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Oenothera biennis

Oenothera biennis (*)

Classification System: APG IV

Superregnum: Eukaryota
Regnum: Plantae
Cladus: Angiosperms
Cladus: Eudicots
Cladus: Core eudicots
Cladus: Rosids
Cladus: Eurosids II
Ordo: Myrtales

Familia: Onagraceae
Subfamilia: Onagroideae
Tribus: Onagreae
Genus: Oenothera
Sectio: O. sect. Oenothera
Subsectio: O. subsect. Oenothera
Species: Oenothera biennis

Oenothera biennis L., 1753.

Lectotype: LINN 484.1, vide R.R.Gates, 1911.


Brunyera biennis (L.) Bubani, Fl. Pyren. (Bubani) 2: 649. 1899.
Oenothera biennis subsp. caeciarum Munz, N. Amer. Fl. (Britton), ser. 2. 5: 133. 1965.
Oenothera biennis subsp. centralisMunz, N. Amer. Fl. (Britton), ser. 2. 5: 134. 1965.
Oenothera biennis var. vulgaris Torr. & A.Gray, Fl. N. Amer. (Torr. & A. Gray) 1: 492. 1840, nom. inadmiss.
Oenothera communis H.Lév., Bull. Acad. Int. Géogr. Bot., 20: 323. 1910, nom. illeg.
Oenothera communis proles biennis (L.) H.Lév., Bull. Acad. Int. Géogr. Bot. 20: 323. 1910.
Onagra biennis (L.) Scop., Fl. Carniol., ed. 2, 1: 269. 1771.
Onagra vulgaris Spach, Ann. Sci. Nat. Bot., sér. 2, 5: 166. 1835, nom. illeg.
Pseudoenothera virginiana Rupr., Fl. Ingrica 365. 1860, nom. illeg.

Oenothera biennis var. leptomeres Bartlett, Amer. J. Bot. 1: 242. 1914.
Oenothera biennis f. muricata (L.) H.Lév. ex Thell., Fl. Advent. Montpellier 389. 1912.
Oenothera biennis f. muricata (L.) B.Boivin, Naturaliste Canad. 93: 644. 1966, comb. superfl.
Oenothera biennis var. muricata (L.) Torr. & A.Gray, Fl. N. Amer. (Torr. & A. Gray) 1: 492. 1840.
Oenothera cambrica Rostański, Fragm. Florist. Geobot., 23: 285. 1977.
Oenothera nuda Renner ex Rostański, Fragm. Florist. Geobot. 14: 192. 1968, nom. inval.
Oenothera nuda Renner ex Rostański, Nordic J. Bot. 27(2): 138 (-139). 2009 .
Oenothera muricata L., Syst. Nat. ed. 12 2: 263. 1767.
Oenothera suaveolens Pers., Syn. Pl. 1: 408. 1805.
Onagra europaea Spach, Hist. Nat. Vég. 4: 359. 1835.
Onagra muricata (L.) Moench, Methodus (Moench) 675. 1794.


Onagra muricata Beck (1892)


Oenothera × albipercurva Renner ex Hudziok
Oenothera × braunii Döll
Oenothera × casimiri Rostański
Oenothera × fallax Renner
Oenothera × punctulata de Vries ex Rostański & Gutte
Oenothera × saxonica Gutte & Rostański
Oenothera × scandinavica Rostański


Castroviejo, S. et al. (eds.) 2011. Oenothera biennis in Flora Ibérica. Plantas vasculares de la Península Ibérica, e Islas Baleares. Published on the internet. Accessed: 2011 Sept 21. Reference page.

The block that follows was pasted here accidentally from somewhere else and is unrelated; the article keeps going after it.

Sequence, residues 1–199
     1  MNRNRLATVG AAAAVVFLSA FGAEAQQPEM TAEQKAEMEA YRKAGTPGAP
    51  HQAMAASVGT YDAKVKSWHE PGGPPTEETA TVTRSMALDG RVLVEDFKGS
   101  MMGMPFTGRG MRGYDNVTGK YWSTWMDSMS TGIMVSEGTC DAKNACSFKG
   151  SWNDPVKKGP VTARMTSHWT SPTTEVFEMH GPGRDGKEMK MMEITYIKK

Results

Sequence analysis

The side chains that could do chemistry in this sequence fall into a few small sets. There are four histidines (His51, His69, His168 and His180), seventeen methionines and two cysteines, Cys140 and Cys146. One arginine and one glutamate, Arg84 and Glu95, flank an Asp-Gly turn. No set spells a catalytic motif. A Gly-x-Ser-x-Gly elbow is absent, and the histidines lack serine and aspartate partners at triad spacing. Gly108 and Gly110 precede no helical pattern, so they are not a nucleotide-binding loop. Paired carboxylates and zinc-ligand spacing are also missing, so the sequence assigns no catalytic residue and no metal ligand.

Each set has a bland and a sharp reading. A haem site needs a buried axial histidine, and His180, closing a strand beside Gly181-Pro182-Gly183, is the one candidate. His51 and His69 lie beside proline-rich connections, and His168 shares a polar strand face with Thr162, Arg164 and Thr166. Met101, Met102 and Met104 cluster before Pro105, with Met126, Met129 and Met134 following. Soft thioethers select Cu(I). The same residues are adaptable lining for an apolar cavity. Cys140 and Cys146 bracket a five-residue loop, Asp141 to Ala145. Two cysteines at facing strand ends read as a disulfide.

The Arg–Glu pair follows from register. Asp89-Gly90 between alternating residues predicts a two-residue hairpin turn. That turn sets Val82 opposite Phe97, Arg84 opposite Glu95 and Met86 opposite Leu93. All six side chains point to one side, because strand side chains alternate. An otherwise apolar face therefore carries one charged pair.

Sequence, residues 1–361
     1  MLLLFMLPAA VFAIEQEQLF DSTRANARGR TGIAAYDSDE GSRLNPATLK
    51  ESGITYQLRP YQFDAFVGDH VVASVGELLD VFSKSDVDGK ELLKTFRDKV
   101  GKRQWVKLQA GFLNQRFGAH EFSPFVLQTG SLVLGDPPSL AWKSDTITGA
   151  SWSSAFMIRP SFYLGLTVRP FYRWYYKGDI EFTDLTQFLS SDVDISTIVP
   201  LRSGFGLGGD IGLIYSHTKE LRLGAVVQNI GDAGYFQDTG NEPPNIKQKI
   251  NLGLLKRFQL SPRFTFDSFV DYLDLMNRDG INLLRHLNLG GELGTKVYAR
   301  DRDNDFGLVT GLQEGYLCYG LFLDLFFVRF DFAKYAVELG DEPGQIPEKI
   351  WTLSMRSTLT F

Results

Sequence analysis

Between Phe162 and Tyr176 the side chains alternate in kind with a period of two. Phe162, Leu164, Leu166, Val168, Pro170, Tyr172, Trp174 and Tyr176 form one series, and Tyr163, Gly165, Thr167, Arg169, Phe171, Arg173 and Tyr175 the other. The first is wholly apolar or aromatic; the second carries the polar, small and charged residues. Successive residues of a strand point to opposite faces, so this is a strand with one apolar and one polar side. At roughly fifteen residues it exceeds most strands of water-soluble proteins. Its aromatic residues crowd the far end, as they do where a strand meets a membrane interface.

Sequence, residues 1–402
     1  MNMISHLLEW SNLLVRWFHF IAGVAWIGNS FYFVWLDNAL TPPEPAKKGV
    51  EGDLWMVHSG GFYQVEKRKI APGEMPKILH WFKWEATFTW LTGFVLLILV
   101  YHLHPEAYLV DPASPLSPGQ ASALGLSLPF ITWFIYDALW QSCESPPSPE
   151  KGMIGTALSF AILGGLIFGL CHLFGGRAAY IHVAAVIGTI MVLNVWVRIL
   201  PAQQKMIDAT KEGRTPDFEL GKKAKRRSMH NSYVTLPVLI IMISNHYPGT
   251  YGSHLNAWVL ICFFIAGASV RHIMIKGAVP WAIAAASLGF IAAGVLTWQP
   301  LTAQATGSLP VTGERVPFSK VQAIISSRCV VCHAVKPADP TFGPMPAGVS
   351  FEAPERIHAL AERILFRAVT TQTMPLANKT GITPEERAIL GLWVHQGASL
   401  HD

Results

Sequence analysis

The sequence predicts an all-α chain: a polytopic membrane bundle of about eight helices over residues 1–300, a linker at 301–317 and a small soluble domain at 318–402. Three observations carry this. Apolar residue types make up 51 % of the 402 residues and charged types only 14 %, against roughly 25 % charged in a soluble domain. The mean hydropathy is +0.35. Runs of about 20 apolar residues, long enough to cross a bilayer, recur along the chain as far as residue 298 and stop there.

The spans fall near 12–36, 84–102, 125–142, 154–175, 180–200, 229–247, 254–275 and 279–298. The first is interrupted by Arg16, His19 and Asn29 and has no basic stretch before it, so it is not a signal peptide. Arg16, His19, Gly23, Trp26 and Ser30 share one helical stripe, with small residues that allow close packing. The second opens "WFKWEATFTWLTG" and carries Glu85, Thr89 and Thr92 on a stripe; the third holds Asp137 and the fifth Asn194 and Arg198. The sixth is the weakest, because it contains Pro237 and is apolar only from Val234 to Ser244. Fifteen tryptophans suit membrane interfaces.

Gates, R.R. 1911. Amer. Midl. Naturalist 45: 587.
Linnaeus, C. 1753. Species Plantarum 1: 346.
Tela Botanica (ed.) 2000 onwards: Tela Botanica. Le réseau de la botanique francophone. eFlore. Oenothera biennis. Association Tela Botanica, Montpellier, France. Accessed: 2011 Sept 21.
USDA, ARS, Germplasm Resources Information Network. Oenothera biennis in the Germplasm Resources Information Network (GRIN), U.S. Department of Agriculture Agricultural Research Service.

Vernacular names
العربية: أخدرية محولة
беларуская: Асліннік двухгадовы
català: Bella de nit
čeština: Pupalka dvouletá
Cymraeg: Melyn yr Hwyr
Deutsch: Gemeine Nachtkerze
English: Common Evening-primrose
español: Onagra común
eesti: Kaheaastane kuningakepp
فارسی: پامچال شب
suomi: Iltahelokki
français: Onagre bisannuelle
hrvatski: Noćurak
hornjoserbsce: Wulkokwětna rěpnica
magyar: Parlagi ligetszépe
italiano: Enotera
日本語: メマツヨイグサ
македонски: Ноќниче
Nederlands: Middelste Teunisbloem
polski: Wiesiołek dwuletni
português: Canárias
română: Luminiță
русский: Ослинник двулетний
slovenčina: Pupalka dvojročná
svenska: Nattljus
Türkçe: Eşek otu
українська: Енотера дворічна
中文: 月见草

Oenothera biennis, the common evening-primrose,[2] is a species of flowering plant in the family Onagraceae, native to eastern and central North America, from Newfoundland west to Alberta, southeast to Florida, and southwest to Texas, and widely naturalized elsewhere in temperate and subtropical regions.[3] Evening primrose oil (EPO) is produced from the plant.[4]

Other common names include evening star, sundrop, weedy evening primrose, German rampion, hog weed, King's cure-all and fever-plant.[5]

Illustration of Oenothera biennis

Oenothera biennis has a life span of two years (biennial) growing to 1.6 m (5 ft 3 in) tall.[6] The leaves are lanceolate, 8–18 cm (3–7 in) long and 2–6 cm (3⁄4–2+1⁄4 in) wide,[6] produced in a tight rosette the first year, and spirally on a stem the second year.

Blooming lasts from late spring to late summer. The flowers are hermaphrodite, produced on a tall spike and only last until the following noon. They open visibly fast every evening producing an interesting spectacle, hence the name "evening primrose".
Floral diagram.

The blooms are yellow, 2.5–5 cm (1–2 in) diameter, with four bilobed petals. The flower structure has a bright nectar guide pattern, invisible to the naked eye. This pattern is apparent under ultraviolet light and visible to its pollinators, moths, butterflies, and bees.

The fruit is a capsule 2–4 cm (3⁄4–1+1⁄2 in) long and 4–6 mm (0.16–0.24 in) broad, containing numerous 1–2 mm (0.04–0.08 in) long seeds, released when the capsule splits into four sections at maturity.[7][8][9][10]

The seeds of the plant are important food for birds,[11] and it is a larval host for both the primrose moth and the white-lined sphinx moth.[12]
Open flower in the evening.
Closed flowers in the morning.

The evening primrose was introduced to Europe in the early 17th century as an ornamental plant in botanical gardens, without recognition of their ancient use as medicine. However, Indigenous tribes in North America (namely the Cherokee, Iroquois, Ojibwe and Potawatomi) were using the plant as food and medicinal crop for hundreds of years.[13][14] Today, the evening primrose is mainly known as garden plant and as medicinal plant in specialized sectors.[14][15] However, almost all parts of the evening primrose are edible and medically or cosmetically applicable. This includes the roots, leaves, blossoms, flower buds and seeds.[16]